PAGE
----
HAMC celebrates #OurHearts, American Heart Month
Staff and residents at Heart of America Medical Center Haaland Estates have joined with HAMC Johnson Clinics to celebrate American Heart Month in February.
They’re also inviting the communities they serve to join in the fun.
Staff and residents have participated in group exercises and challenges to keep their hearts healthy such as planning a menu for healthy eating and dancing to favorite music.
On Wednesdays, staff and residents of HAMC’s long-term care centers have a special visitor.
“Every Wednesday, Katie the Kangaroo shows up,” said Karen Jensen, R.N., cardiopulmonary wellness coordinator at HAMC.
“Katie the Kangaroo is our mascot,” Jensen noted. “Next Wednesday, she’ll be going over to the Haaland Home. We have staff over there who will be helping us out and making smoothies as heart-healthy snacks.”
So, we’ll go to the Haaland Home, and we’ll be going to long-term care residents as well, following guidelines to keep our residents as healthy as we can,” Jensen added.
Jensen said during the month, Katie had been “hopping around delivering heart-healthy snacks.”
“We are giving pistachios, Mary’s crackers – they’re crackers made from ancient grains, so they’re high in fiber. It’s a healthier carbohydrate,” Jensen said.
Katie Kangaroo takes nutrition tips from Kathy Brandt, HAMC’s dietician, Jensen explained. “We also have dried mango to add natural sweetness without too much added sugar. Fruits and vegetables are definitely a dietary pattern we’re looking for. Portion control is something as well.”
Jensen said Katie also offers some unusual snacks for residents and staff to try, such as seaweed.
Jensen said Katie invites people she meets at HAMC to participate in activity challenges as well, such as keeping Hula-Hoops swiveling around their waists.
Staff and long-term care residents marked one special day in American Heart Month by wearing red for women’s heart health.
“Women’s Heart Day was celebrated on Feb. 5, just for that day,” Jensen noted. “It was Wear Red Day, a national recognition day (for women’s heart health).”
Jensen said the American Heart Association chose red for the day “because it’s bold.”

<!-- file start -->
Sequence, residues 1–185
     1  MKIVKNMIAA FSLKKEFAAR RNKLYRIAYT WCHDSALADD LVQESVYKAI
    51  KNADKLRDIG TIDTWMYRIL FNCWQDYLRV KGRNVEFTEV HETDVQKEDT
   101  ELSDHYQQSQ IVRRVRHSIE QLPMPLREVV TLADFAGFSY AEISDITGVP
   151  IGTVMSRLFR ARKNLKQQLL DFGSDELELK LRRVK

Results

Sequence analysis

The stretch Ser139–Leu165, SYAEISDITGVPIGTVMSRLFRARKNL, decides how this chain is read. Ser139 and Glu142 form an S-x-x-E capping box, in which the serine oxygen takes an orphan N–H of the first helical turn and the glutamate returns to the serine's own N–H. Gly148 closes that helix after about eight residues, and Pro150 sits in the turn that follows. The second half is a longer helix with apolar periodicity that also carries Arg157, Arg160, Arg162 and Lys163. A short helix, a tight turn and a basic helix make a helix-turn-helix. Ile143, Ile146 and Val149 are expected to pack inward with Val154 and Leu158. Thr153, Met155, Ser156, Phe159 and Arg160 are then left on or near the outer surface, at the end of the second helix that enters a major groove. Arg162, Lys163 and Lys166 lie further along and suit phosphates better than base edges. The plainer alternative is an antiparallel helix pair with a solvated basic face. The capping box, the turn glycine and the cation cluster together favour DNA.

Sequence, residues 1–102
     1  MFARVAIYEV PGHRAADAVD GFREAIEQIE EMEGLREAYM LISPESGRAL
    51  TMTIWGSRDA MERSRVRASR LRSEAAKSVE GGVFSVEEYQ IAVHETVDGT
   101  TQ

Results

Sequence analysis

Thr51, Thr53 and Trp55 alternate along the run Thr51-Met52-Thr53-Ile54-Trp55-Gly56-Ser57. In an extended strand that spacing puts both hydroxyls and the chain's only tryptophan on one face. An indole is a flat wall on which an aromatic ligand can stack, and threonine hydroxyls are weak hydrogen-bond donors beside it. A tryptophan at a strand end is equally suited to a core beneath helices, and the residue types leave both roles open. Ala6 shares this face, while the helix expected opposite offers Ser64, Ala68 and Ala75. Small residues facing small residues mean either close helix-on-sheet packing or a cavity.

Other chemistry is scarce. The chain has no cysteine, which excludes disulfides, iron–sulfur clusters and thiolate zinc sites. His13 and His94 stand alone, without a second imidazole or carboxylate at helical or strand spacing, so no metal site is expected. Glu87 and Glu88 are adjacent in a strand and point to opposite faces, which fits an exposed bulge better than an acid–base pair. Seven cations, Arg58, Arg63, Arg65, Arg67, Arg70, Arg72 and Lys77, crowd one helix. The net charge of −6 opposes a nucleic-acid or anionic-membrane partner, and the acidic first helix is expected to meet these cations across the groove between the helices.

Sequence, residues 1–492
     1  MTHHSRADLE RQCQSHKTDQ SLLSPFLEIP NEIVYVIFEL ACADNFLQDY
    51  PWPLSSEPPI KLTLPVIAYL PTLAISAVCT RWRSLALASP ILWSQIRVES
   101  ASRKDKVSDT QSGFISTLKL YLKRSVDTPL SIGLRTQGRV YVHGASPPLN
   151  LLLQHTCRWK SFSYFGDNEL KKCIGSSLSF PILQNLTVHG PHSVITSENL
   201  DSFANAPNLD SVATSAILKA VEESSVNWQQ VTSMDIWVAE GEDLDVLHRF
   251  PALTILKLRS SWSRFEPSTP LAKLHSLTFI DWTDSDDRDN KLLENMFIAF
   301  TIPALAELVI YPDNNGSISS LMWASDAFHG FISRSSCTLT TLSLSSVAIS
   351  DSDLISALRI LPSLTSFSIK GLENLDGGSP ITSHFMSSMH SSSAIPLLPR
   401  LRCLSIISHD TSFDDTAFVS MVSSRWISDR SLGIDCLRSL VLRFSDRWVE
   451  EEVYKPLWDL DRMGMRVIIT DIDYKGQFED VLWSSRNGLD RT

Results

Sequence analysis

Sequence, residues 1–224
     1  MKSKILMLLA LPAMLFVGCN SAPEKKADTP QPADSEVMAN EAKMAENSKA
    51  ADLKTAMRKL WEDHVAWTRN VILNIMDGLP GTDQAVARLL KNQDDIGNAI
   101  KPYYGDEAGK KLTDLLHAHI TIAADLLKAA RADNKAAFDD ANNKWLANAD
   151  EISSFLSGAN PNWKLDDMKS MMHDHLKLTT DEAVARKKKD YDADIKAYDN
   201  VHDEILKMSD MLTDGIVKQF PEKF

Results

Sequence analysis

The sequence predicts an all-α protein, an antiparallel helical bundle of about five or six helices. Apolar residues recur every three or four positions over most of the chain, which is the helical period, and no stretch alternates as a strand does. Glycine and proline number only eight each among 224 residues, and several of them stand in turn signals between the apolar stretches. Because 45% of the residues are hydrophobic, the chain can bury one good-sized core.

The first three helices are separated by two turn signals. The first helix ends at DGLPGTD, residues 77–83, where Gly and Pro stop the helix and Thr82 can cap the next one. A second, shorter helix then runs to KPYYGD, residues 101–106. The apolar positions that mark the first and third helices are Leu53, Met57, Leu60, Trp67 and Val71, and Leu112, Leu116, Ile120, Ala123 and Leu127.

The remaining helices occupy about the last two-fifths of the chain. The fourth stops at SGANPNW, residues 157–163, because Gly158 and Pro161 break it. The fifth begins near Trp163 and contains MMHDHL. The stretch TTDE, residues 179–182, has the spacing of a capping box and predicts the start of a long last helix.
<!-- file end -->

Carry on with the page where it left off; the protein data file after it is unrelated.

“Women’s heart disease presents differently from men’s,” she added. “The Mayo Clinic was a huge part of that initiative to wear red for women’s heart (health). The typical symptoms (of a heart attack) are chest pain, pressure and discomfort,” she said. “Women can present differently. They can still have those typical symptoms, but they may present differently, such as jaw pain, shoulder pain, shortness of breath, back pain, kidney pain.”
“So, we wanted to make sure there was an awareness out there,” Jensen added.
Jensen said her department found another way to raise awareness and get the community involved by posting a February calendar filled with heart health challenges on social media.
“There are 28 days toward a healthy heart. We have that posted (on social media) and it’s for the community as well,” Jensen explained.
HAMC’s Facebook page invites members of the public not only to take each daily challenge, but also snap a selfie taking the challenge and submit it to a link on their page with the hashtag #OurHearts.
“We have prizes for that. Hopefully, we have community members who want to participate in that,” Jensen said.
One such prize mentioned on the page is a free month-long membership at HAMC’s Wellness Center.
“The month of February has Valentine’s Day and hearts, so that’s kind of why it was chosen (for American Heart Month),” Jensen said, adding, “We definitely want to give more focus on health care versus sick care. Again, it’s all about bringing awareness. So, how we can reduce those risk factors for cardiovascular disease? High blood pressure is a good example. By the time you know you have high blood pressure, you’ve got some already well-established risk factors that are becoming chronic.”